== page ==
The front line of election security in Connecticut has about 169 weak points

Excellent op-ed in the Courant today, explaining the risks of ransomeware. Cities Must Pay For Cybersecurity, Not Ransoms <read>

Last week, West Haven paid a $2,000 ransom to hackers to unlock its computer systems. In a statement from the city, the ransom was characterized as a “one-time fee.” The word-choice here reveals an oversimplified view of the reality of ransomware, a cyberattack in which hackers lock data and demand payment.

First, West Haven was lucky to regain access to its systems after paying the ransom. Fewer than a quarter of ransomware victims actually get their files back after paying up. More often, hackers pocket the money and leave the data scrambled.

The notion of a “one-time fee” also fails to account for reputation damage and loss of trust. A city like West Haven — which is already navigating difficult financial straights — needs to rally community support. A blunder like this undermines the momentum it was building…

However, the fact is that remediating a cyberattack comes at a much greater cost than preventing one in the first place. While the $2,000 ransom may seem relatively low, tracking how the attack happened, assessing the damage and shoring up defenses quickly is an expensive proposition. Just ask Lansing, Mich., which, even with insurance, paid $500,000 out of pocket for remediation after a 2016 ransomware attack (total cost: $2.4 million).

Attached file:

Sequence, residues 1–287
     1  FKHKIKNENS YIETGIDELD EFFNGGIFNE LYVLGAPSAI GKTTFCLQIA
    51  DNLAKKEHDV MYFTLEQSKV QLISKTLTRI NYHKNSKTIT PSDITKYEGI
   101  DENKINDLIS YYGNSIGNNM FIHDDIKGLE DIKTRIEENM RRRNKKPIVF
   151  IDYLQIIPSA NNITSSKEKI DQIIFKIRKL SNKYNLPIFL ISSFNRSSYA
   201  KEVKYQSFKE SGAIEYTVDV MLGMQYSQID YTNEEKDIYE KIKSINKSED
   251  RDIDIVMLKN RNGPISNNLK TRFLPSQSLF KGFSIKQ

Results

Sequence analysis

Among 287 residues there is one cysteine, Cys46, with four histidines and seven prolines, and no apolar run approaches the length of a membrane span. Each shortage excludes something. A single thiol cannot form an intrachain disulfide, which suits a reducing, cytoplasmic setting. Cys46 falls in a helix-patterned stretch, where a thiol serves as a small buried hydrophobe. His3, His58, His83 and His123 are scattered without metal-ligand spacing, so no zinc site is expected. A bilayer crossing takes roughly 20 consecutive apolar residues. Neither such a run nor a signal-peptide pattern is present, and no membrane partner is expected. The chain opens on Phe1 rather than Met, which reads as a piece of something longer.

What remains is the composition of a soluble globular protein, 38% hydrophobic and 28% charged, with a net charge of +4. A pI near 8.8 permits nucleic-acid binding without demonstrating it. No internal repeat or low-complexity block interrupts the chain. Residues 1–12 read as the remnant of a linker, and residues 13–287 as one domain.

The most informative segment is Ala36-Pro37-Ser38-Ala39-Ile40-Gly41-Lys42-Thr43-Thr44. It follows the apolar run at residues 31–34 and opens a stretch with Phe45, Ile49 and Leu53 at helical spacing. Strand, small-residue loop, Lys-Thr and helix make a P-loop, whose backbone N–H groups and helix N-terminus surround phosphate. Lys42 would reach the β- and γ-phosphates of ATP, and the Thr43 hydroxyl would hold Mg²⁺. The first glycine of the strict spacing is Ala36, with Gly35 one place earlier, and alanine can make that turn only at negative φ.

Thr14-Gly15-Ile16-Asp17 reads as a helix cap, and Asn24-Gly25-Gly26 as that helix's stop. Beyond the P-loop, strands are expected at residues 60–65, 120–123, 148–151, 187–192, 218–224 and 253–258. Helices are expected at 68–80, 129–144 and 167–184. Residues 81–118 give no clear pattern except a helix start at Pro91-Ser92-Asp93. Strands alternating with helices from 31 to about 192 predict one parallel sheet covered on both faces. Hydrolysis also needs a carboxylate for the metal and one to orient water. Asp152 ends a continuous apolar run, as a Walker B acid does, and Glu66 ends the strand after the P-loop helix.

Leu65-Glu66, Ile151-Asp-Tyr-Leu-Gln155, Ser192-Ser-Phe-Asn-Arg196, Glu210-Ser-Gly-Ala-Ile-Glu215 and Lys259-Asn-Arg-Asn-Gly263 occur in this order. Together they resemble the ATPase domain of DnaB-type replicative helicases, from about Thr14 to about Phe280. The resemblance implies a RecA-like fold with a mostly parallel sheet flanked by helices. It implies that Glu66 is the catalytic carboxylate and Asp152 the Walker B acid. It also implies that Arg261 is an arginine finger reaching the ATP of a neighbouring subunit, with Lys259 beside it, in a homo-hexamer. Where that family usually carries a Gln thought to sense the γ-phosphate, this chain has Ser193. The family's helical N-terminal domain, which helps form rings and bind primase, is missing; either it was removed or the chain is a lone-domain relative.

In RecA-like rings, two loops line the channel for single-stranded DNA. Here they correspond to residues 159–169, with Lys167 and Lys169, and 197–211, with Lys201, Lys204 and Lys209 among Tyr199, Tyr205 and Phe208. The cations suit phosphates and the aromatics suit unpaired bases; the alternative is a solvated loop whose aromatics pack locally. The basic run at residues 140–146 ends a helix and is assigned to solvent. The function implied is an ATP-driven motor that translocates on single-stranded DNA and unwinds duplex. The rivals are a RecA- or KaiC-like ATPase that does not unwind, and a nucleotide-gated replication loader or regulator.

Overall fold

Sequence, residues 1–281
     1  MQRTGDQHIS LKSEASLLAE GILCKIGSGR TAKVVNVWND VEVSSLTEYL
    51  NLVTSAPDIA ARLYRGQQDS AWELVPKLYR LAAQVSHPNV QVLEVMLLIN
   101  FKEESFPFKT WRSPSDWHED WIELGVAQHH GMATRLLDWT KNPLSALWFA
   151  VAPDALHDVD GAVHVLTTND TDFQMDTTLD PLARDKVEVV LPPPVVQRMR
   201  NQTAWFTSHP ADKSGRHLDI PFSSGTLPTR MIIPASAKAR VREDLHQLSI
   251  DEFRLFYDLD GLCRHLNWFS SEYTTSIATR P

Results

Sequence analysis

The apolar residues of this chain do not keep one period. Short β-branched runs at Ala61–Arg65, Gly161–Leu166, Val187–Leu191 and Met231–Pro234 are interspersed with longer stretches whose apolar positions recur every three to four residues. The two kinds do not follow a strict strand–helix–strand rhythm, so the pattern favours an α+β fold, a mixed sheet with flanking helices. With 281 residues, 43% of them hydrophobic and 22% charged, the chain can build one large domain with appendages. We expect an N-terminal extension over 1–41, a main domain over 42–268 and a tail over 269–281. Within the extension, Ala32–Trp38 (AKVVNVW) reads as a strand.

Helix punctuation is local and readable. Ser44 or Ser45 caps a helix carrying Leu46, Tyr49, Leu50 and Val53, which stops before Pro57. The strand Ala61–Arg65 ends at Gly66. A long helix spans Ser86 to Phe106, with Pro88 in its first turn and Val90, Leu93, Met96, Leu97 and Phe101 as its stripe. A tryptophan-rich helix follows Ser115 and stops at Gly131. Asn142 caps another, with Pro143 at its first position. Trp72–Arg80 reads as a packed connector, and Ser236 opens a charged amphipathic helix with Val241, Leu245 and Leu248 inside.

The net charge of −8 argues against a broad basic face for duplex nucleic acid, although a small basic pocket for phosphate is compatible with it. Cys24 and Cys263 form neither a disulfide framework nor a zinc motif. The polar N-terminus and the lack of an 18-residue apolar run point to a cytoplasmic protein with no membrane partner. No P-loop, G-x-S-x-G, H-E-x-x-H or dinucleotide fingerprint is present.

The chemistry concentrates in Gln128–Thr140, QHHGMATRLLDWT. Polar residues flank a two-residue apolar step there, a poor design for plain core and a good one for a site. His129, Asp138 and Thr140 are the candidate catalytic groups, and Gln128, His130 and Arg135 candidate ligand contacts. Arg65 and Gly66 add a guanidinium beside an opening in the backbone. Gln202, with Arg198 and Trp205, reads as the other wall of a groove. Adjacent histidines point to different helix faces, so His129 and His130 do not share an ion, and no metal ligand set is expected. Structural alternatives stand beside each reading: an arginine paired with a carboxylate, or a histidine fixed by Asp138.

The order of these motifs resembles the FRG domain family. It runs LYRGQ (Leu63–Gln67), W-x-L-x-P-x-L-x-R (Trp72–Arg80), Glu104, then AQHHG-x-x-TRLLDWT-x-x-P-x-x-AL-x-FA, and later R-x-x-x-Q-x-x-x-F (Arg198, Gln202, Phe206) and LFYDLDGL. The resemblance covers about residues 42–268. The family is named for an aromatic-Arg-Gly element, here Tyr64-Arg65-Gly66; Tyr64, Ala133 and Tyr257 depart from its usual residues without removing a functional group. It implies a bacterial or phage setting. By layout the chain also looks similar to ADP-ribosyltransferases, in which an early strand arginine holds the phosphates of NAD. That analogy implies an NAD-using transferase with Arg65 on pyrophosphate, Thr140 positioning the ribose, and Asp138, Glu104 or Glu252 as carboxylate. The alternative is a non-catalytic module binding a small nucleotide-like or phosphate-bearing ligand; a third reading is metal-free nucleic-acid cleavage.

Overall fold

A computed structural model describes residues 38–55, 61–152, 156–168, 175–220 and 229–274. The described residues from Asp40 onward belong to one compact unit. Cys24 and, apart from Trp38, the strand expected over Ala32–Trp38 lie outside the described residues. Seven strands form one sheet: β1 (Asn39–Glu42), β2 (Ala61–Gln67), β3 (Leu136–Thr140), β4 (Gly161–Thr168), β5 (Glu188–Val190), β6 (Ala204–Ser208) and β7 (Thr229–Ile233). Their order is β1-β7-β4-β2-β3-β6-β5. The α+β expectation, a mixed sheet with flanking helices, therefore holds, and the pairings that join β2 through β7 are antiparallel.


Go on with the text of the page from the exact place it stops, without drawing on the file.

The best way to bounce back from ransomware is to have a strong backup system, something every organization needs for a number of reasons. The fact that West Haven paid the ransom suggests that there was no effective backup system in place. If that is the case, the city truly did not have a lot of options once the ransomware attack occurred.

Our Editorial

When it comes to elections the problem starts with cybersecurity, yet also requires physical security of voting equipment and voted paper ballots. In most towns in Connecticut ballots and voting equipment are “protected” by a single key, often accessible by multiple single individuals, keys often associated with weak locks and storage closets, all providing access available single individuals for hours, undetected.

The solution is strong security of equipment and especially voted paper ballots, with strong, sufficient recount and audit laws, well followed, with transparency and public verifiability.


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